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Road closed for festivities From 6:30 a.m. to 6 p.m. Saturday, June 20, the highway in Fall City will be closed for the community’s annual Fall City Day celebration, including a parade and street fair. State Route 202, between the Preston-Fall City Road (milepost 21.71) and 24th Avenue Southeast, (milepost 20.64) will be closed to all vehicle traffic.
Linds named Fall City Day grand marshalls Carl and Nadine Lind have been named the 2015 Fall City Day Grand Marshalls. The couple have made their home in Fall City for the past 45 years, raising a family, working at local businesses and helping visitors to the area sometimes with information, sometimes with a photo and occasionally, with a tire change. The early part of their lives together was where they put on the miles. Carl grew up in Seattle and Nadine was born in Waldron, Ark., and moved to Yakima when she was 8 or 9 years old. At 17, she visited Seattle in 1955, where she met Carl, then 20, at a stoplight. “I looked to the left and there sat a really cute young man,” said Nadine, “but I continued to look around being it was my first time to see Seattle.” She saw him again later that day, at Dick’s Drive-In, and again at Green Lake Park, where Carl was still trying to catch up with her. Nadine said she’d decided to go for a walk by herself in the park, and soon heard footsteps behind her. She heard a voice say “Could you wait up?” and turned around to see that cute young man from Dick’s Drive-in. She waited.
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Kids, ride in the parade
Carl and Nadine Lind are Grand Marshalls of the Fall City Day parade, starting at 11 a.m. Saturday. Later, at a party they were both attending Carl asked, “Could I drive over and visit you?” Nadine said he could. Carl drove his white 1953 Lincoln Capri with extended fenders and continental kit from Seattle to Yakima every other weekend for almost a year. Then he said, “Honey, we are either going to have to get married or break up, because I’m wearing out my car.” They still have that car. They’ve been married 59 years. The couple began their married life in Ballard, where Carl worked at the Plywood Plant. They had five sons Brian, Cal, Dana, Alan, Dale and a daughter, Diane, when they moved to Fall City in 1970. All of their children continue to live in the Northwest, and as a family they see each other often. Alan owns the Last Frontier Saloon. The couple has 11 grandchildren and 7 great-grandchildren. Carl was a paper boy around age 7, delivering the Seattle Times around his neighborhood by riding his horse, Snow Ball. As an adult, he mainly worked construction in downtown Seattle, for Nelms Mortenson, Hoffman and Sellen. He took great pride in always being to work on time, never taking leave and working all the hours he could get. “In fact, at one time I had the most earned time off hours on the union books,” he said. Nadine worked for many years as a cook at the Colonial Inn and the Fall City Grill when her daughter Diane was part owner. She also worked at a Montessori school for son Dana’s business, Sunstrand and a fish processing plant. The couple play tour guide at Snoqualmie Falls. Nadine takes pictures and mails them to the tourists. They love to help stranded people. Carl remembers, “One time I helped a man with a flat tire. I went and got my jack, took him to get some money and then to get a tire. I just like helping people.”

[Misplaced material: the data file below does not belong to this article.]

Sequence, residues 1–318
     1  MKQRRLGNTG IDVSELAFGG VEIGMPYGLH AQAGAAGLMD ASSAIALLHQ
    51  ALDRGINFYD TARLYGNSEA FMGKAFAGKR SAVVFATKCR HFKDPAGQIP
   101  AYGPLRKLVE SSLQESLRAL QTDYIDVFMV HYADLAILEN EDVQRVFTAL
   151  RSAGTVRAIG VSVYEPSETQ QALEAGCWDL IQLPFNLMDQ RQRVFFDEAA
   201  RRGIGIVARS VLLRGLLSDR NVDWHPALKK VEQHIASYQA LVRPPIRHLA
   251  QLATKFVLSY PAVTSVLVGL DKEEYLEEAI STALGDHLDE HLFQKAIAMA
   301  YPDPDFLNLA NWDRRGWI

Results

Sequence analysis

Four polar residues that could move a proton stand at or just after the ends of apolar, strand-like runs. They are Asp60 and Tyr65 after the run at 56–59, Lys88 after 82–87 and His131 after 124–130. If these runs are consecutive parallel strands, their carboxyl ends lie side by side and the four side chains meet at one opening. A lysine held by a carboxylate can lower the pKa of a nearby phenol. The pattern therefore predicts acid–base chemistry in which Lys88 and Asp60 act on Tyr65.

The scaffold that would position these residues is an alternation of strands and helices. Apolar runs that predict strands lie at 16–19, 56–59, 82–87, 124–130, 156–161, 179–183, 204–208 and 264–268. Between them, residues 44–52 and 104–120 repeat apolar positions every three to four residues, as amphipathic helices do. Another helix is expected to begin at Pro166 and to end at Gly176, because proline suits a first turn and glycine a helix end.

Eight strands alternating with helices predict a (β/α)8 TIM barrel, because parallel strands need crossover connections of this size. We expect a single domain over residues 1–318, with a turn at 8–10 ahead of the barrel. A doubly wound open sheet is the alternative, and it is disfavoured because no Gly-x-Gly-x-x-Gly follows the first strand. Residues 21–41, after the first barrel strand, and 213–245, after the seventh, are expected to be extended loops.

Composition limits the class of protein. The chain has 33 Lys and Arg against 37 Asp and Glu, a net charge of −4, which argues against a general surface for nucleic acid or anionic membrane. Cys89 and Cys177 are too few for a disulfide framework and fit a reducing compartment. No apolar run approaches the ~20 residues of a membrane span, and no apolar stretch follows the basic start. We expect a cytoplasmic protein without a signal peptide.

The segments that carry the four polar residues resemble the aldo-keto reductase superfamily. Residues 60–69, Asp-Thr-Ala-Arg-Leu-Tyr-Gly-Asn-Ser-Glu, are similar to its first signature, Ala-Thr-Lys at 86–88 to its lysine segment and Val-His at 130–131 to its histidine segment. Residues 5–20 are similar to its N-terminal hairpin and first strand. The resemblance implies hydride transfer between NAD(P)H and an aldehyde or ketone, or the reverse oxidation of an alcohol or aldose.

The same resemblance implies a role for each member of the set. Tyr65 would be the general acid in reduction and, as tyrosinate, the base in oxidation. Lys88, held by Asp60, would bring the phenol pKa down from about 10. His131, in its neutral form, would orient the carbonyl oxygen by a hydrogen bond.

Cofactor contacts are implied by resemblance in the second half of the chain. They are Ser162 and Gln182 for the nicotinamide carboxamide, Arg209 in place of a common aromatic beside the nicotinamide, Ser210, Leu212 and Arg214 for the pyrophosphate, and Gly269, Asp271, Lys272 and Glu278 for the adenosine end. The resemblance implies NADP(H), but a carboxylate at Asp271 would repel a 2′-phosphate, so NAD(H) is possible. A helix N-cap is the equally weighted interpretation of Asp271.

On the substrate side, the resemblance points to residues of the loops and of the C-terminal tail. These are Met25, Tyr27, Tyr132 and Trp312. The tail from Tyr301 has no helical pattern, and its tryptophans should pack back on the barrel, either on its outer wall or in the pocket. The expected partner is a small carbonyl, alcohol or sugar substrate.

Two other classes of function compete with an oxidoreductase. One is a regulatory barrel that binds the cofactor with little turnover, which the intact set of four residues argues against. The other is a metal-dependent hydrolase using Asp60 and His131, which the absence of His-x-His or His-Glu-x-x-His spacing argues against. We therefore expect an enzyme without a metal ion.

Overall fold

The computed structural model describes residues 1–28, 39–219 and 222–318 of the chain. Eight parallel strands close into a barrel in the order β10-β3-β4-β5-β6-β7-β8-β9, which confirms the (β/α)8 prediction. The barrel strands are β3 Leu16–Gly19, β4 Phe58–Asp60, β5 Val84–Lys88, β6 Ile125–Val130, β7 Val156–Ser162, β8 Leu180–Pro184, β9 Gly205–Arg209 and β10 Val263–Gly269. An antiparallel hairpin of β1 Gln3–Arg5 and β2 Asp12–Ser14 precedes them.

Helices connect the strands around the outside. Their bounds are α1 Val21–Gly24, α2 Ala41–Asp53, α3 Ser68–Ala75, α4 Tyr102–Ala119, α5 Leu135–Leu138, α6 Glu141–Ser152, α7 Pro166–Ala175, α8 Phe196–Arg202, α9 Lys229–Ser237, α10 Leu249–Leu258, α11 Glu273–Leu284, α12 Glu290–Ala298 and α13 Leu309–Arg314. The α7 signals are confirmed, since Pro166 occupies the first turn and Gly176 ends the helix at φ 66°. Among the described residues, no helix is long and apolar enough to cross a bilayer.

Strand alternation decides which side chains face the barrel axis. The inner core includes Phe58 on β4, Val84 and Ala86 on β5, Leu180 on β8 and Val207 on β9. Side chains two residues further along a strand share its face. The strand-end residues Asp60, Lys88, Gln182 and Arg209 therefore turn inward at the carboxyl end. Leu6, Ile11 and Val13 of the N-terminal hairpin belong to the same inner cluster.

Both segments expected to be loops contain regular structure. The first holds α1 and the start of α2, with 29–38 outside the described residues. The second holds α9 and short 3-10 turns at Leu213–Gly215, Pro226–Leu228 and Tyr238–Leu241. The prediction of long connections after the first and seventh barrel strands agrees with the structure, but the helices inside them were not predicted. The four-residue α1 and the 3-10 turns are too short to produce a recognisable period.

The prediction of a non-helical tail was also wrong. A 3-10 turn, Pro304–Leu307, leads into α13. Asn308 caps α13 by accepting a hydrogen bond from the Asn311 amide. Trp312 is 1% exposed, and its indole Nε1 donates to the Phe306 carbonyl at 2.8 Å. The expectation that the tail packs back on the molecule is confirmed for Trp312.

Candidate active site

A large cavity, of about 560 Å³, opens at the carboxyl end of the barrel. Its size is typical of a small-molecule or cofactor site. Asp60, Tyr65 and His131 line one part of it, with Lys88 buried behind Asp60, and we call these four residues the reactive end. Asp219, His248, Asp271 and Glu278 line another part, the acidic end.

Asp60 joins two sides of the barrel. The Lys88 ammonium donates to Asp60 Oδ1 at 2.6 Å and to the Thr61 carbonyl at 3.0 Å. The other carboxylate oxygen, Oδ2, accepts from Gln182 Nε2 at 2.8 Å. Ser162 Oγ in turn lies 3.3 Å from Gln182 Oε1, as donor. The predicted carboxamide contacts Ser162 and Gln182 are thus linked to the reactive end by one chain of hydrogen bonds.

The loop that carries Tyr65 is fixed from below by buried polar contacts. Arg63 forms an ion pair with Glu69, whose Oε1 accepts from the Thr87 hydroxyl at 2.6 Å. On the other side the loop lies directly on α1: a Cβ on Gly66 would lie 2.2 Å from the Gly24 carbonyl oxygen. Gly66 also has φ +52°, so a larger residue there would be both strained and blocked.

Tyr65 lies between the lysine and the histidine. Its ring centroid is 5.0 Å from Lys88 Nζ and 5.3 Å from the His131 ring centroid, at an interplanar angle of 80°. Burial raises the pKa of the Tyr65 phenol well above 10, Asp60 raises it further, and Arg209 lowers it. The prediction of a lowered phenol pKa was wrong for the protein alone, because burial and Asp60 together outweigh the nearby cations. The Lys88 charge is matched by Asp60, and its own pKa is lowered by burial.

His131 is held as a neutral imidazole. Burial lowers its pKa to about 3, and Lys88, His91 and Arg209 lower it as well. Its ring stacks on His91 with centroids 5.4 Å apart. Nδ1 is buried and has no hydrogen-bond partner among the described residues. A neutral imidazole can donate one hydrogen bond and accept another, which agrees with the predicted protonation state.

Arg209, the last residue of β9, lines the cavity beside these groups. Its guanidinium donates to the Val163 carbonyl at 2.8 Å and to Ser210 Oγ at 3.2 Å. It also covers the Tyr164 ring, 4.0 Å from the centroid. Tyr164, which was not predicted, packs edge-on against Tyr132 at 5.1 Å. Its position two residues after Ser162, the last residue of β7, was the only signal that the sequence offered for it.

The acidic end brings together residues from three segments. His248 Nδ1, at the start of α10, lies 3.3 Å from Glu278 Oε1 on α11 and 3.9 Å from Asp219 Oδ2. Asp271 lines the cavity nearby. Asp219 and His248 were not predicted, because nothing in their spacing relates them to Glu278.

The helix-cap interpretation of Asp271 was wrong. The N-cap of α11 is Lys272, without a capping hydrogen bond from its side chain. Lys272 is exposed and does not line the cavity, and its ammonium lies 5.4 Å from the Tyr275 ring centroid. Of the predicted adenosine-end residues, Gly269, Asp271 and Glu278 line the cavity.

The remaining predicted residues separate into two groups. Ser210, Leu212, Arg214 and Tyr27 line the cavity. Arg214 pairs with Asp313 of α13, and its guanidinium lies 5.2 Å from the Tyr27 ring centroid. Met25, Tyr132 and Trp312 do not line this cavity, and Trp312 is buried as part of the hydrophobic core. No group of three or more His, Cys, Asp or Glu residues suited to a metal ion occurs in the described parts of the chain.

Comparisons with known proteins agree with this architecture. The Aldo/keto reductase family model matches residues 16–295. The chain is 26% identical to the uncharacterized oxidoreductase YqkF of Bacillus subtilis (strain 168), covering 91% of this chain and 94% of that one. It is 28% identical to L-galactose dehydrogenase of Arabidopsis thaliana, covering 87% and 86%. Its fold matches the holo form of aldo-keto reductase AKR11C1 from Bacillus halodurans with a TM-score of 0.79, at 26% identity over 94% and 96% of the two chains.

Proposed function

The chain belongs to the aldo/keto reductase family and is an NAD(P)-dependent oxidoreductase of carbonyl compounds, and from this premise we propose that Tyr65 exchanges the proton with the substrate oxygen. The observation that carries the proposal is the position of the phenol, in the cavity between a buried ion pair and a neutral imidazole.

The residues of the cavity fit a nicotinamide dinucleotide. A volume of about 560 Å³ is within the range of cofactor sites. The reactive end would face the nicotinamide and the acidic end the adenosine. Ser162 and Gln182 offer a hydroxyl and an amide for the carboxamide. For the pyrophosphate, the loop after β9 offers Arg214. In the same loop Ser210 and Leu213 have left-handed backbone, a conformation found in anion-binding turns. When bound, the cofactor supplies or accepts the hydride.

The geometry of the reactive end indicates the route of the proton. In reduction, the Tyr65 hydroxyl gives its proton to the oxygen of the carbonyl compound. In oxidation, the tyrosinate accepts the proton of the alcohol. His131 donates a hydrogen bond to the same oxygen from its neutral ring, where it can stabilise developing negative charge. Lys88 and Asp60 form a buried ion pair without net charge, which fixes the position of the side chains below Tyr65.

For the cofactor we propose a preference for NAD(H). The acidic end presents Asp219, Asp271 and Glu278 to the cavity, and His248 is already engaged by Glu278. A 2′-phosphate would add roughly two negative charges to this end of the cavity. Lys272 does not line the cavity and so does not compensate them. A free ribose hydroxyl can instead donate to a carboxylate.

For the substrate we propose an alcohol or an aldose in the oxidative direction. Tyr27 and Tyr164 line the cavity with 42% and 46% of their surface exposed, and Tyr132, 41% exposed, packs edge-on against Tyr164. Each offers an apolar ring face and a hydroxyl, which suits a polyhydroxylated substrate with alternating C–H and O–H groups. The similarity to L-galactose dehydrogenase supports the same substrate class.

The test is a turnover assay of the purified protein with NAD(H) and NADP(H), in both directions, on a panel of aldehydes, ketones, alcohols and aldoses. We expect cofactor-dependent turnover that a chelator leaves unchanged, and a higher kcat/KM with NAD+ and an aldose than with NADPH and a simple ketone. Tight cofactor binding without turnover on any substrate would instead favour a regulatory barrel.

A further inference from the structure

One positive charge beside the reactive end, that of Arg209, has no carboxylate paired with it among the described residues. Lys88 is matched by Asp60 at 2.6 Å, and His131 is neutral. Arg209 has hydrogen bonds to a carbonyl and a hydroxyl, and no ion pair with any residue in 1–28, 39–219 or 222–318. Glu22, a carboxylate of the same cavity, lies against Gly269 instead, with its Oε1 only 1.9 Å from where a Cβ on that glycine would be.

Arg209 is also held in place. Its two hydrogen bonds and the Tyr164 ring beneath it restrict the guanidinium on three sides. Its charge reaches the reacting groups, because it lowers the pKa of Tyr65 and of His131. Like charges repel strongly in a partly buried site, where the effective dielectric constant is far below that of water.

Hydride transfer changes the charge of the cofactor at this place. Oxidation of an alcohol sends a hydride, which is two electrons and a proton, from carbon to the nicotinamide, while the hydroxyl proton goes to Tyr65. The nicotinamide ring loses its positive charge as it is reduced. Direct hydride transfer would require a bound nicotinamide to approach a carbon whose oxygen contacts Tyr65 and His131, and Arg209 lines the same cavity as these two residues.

Children are invited to take part in the Fall City Day parade Saturday at 11 a.m. Ride your bikes, or ride on the hay wagon, pulled by an antique tractor. Registration is not required, but to ensure enough ice cream treats are available for all children, organizers ask that anyone bringing a large group call Angela Donaldson at Hauglie Insurance, (425) 222-5881. Parade lineup is at the Fall City Library. Families can watch the parade and meet their children at reserved spots in front of the Model Garage.
Ready, set, eat! The free watermelon-eating contest is scheduled for 1:30 p.m., Saturday at Olive Quigley Park behind the Snoqualmie Valley Young Life booth. Competitors will race to be the first to finish their portion of watermelon, in a hands-free eating challenge. Participants will be divided by age groups: Ages 5 to 7; 8 to 10; 11 to 13; and 14 and older. Participants under the age of 18 must have a parent or guardian present. There may be some adjustment to age brackets depending on the number of participants signed up. Registration forms are available online at http://svyl.younglife.org and at the event. Return all forms by 1 p.m. Winners will receive ribbons and their names will be announced from the main stage. The event is organized by Snoqualmie Valley Young Life.
Trash-bag wearing contestants line up for the 2014 watermelon-eating contest.
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2015 FALL CITY DAY